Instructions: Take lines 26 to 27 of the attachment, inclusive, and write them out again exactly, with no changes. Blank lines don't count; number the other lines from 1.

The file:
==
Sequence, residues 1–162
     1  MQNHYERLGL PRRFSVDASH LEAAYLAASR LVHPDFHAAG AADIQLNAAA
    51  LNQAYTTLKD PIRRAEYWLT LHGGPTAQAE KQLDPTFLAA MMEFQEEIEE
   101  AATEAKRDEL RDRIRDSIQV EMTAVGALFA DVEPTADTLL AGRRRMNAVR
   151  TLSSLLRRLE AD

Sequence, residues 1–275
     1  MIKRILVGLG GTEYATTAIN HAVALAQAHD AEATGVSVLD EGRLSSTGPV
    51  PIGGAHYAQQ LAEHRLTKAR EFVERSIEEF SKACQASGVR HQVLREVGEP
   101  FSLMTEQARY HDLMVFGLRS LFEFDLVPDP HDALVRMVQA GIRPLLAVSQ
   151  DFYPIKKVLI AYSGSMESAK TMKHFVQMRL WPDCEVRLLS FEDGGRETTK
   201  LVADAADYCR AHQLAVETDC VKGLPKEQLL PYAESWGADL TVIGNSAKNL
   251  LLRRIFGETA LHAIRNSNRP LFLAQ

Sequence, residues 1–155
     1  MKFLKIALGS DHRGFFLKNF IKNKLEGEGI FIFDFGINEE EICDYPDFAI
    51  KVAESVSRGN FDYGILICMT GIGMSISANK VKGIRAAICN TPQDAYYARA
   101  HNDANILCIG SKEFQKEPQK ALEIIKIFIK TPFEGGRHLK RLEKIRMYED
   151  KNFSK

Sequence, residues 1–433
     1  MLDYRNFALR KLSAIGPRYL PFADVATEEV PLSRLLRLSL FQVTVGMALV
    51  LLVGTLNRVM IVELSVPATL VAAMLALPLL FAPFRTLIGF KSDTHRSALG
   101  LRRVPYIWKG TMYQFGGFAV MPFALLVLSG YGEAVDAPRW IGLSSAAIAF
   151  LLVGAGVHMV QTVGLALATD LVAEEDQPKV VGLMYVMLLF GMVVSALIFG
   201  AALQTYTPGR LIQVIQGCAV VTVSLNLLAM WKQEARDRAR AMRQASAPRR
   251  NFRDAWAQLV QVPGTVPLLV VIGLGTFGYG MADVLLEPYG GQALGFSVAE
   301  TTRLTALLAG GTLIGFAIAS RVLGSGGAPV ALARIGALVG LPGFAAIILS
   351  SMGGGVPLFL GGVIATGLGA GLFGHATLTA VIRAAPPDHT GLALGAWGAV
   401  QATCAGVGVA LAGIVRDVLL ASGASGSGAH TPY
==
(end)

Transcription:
   351  SMGGGVPLFL GGVIATGLGA GLFGHATLTA VIRAAPPDHT GLALGAWGAV
   401  QATCAGVGVA LAGIVRDVLL ASGASGSGAH TPY